Even so, WandaVision’s closing episodes would be far more intriguing if the Scarlet Witch and her trauma were the show’s big bads. There are hundreds of fiction stories that plunge into the depths of grief, but the cartoonish nature of the MCU actually makes it uniquely capable of providing an interesting take on coping with losing who you love. Raphael Bob-Waksburg, creator of “BoJack Horseman,” notes that stories that feel separate from the real world are capable of hitting dark themes without driving audiences away. The “very dark” meeting the “very wacky” can lead to some profound, yet entertaining stories.

The Agatha Harkness reveal guarantees that won’t be happening. Instead, we’re likely to watch to a more traditional MCU final boss fight. That’s not the worst thing in the world – there’s a reason the MCU has been so successful — but WandaVision has been more than just another Marvel offering so far. After this week, it doesn’t feel quite as special.

WandaVision Episode 7 Awards

MVP: Kathryn Hahn Despite all my criticism, the Agatha Harkness reveal was perfectly executed, even if I wish the show went in a different direction. It’s one of a few genuinely fun moments this week, as Kathryn Hahn gleefully revealed her treachery and turned WandaVision into “Agatha All Along.” Hahn’s performance in her show’s intro sequence leaves no question that she is perfect for the role. She’s both funny and insidious, and her “I killed Sparky too” line is an electric mic drop.


Most Improved Award: Jimmy Woo’s Concerned Scream – Back in episode 4, Woo delivered the most underwhelming concerned scream of all-time when Monica got sucked into Westview. When she once again charges the Hex in “Breaking the Fourth Wall,” I was getting ready for another round of ripping Randall Park for a pathetic shout (he has been very good in the series overall, but that scream was bad.). Instead, he delivered a very convincing shout! The chemistry between Woo and Rambeau has come a long way.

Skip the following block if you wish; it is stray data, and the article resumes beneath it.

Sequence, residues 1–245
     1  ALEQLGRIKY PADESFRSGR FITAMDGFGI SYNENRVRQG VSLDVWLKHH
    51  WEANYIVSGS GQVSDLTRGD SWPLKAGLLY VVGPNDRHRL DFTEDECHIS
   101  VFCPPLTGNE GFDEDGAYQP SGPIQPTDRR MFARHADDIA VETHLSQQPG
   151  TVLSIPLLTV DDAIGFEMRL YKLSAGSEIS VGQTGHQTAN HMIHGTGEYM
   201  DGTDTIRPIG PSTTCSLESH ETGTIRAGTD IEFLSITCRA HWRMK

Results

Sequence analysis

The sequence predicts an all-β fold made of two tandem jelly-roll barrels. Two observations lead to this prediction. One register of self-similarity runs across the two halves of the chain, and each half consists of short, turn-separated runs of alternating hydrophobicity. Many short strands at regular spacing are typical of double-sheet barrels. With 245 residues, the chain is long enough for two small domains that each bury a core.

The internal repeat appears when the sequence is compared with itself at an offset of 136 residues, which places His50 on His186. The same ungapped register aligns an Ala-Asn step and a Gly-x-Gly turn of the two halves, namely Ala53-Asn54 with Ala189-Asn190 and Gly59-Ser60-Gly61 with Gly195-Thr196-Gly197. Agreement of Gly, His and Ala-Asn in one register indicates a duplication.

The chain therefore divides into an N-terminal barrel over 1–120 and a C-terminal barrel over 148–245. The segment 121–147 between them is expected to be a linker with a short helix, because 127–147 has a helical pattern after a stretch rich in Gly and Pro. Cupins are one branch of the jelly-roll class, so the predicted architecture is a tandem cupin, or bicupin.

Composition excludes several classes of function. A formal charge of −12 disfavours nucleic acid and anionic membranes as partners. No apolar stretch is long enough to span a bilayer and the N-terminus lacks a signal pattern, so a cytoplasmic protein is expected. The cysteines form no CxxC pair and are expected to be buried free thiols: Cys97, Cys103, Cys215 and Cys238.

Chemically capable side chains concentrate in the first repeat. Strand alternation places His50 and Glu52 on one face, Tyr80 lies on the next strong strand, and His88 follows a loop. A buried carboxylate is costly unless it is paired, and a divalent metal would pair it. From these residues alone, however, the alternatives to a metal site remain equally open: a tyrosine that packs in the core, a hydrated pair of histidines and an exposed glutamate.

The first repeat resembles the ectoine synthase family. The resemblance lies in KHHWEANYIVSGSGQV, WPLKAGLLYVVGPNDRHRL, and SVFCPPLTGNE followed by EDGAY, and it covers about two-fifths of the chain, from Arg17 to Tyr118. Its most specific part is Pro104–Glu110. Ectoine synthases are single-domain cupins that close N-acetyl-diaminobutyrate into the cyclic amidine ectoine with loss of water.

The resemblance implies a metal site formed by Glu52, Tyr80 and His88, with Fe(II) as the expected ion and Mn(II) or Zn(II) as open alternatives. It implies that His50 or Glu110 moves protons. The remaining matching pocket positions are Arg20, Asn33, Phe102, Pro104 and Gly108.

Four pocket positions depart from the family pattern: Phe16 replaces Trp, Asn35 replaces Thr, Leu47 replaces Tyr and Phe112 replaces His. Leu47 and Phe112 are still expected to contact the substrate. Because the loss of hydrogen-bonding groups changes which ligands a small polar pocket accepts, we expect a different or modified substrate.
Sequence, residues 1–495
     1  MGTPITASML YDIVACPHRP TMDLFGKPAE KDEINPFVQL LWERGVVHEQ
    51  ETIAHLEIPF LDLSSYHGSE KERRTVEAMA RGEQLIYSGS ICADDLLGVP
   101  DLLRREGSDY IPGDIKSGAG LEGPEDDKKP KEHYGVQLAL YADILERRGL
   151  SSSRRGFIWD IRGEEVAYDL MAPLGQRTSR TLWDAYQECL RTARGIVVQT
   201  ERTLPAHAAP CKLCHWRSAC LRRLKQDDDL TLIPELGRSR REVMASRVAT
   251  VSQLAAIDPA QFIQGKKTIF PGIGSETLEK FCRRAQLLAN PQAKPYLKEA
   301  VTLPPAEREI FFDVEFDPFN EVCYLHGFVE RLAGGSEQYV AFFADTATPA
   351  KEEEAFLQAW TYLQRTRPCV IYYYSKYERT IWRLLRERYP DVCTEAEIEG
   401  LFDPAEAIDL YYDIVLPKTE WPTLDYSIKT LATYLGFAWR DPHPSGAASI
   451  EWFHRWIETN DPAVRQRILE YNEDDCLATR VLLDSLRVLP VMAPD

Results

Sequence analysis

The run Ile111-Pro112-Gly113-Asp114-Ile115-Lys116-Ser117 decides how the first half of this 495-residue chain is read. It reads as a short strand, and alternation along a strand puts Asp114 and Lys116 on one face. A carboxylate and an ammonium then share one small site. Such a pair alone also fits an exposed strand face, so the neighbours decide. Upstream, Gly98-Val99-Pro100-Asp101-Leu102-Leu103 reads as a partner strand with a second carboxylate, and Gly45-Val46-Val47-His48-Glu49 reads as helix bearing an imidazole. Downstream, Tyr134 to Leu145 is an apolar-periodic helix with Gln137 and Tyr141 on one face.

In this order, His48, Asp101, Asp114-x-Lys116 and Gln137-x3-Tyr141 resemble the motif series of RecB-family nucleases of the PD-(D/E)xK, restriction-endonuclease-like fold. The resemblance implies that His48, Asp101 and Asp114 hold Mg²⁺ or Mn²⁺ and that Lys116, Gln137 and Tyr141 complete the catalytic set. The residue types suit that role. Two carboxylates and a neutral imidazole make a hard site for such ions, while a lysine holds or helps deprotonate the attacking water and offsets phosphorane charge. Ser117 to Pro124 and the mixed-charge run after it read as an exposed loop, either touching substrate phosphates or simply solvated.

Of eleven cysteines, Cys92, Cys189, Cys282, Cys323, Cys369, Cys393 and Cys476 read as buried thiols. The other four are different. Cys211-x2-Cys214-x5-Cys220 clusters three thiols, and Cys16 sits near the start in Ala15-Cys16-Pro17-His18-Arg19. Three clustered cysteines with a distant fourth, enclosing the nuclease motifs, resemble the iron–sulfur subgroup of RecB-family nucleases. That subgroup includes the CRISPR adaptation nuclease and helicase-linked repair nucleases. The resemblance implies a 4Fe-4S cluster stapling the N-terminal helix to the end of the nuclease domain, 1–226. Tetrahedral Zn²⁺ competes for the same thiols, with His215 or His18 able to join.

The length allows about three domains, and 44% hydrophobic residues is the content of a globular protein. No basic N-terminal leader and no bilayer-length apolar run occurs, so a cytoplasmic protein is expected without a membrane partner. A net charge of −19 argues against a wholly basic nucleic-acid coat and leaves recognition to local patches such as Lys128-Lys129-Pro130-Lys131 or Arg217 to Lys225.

Least Surprising Development: Monica Became A Superhero – Wow, crazy! I can’t believe she got those powers. Rough Monica episode, even if the shot of her fighting through the Hex was dope. She deserved a better power discovery scene. I’m also not entirely sure what her powers are.

Gallant Award for Responsibility: Tommy and Billy Using a Rubber Wii Remote Cover – Wanda will never need to throw out a TV with a Wii Remote sized hole thanks to her responsible children. They may not have been using the wrist strap, but kudos to them for following the safety manual.

Greatest Darcy Moment: “Oh Your Bad Back!” – When Darcy was under Westview’s spell, she was at her all-time best. Just about every one of her lines was a winner. (“Not likely. I’m notoriously self-involved” is my GDM runner-up.) The funniest line came right when Vision went to snap her out of her trance. He distracted her by pointing to a mime “dropping” a heavy tray, and she turned and sincerely shouted “Oh, your bad back!” Great writing, better delivery. I wish we got more mind-controlled Darcy. Maybe it’ll happen next week.

About The Author

Tyler Kelbaugh
Nintendo Writer

Tyler Kelbaugh is a Nintendo writer for The Outerhaven Productions. He fell in love with gaming at the ripe young age of 4, a passion born from years of consistently failing to survive Marble Zone. If you mention the words "Fire Emblem" around him he'll talk your ear off. He's also a pretty competent Smash Bros. player, and a passionate sports fan.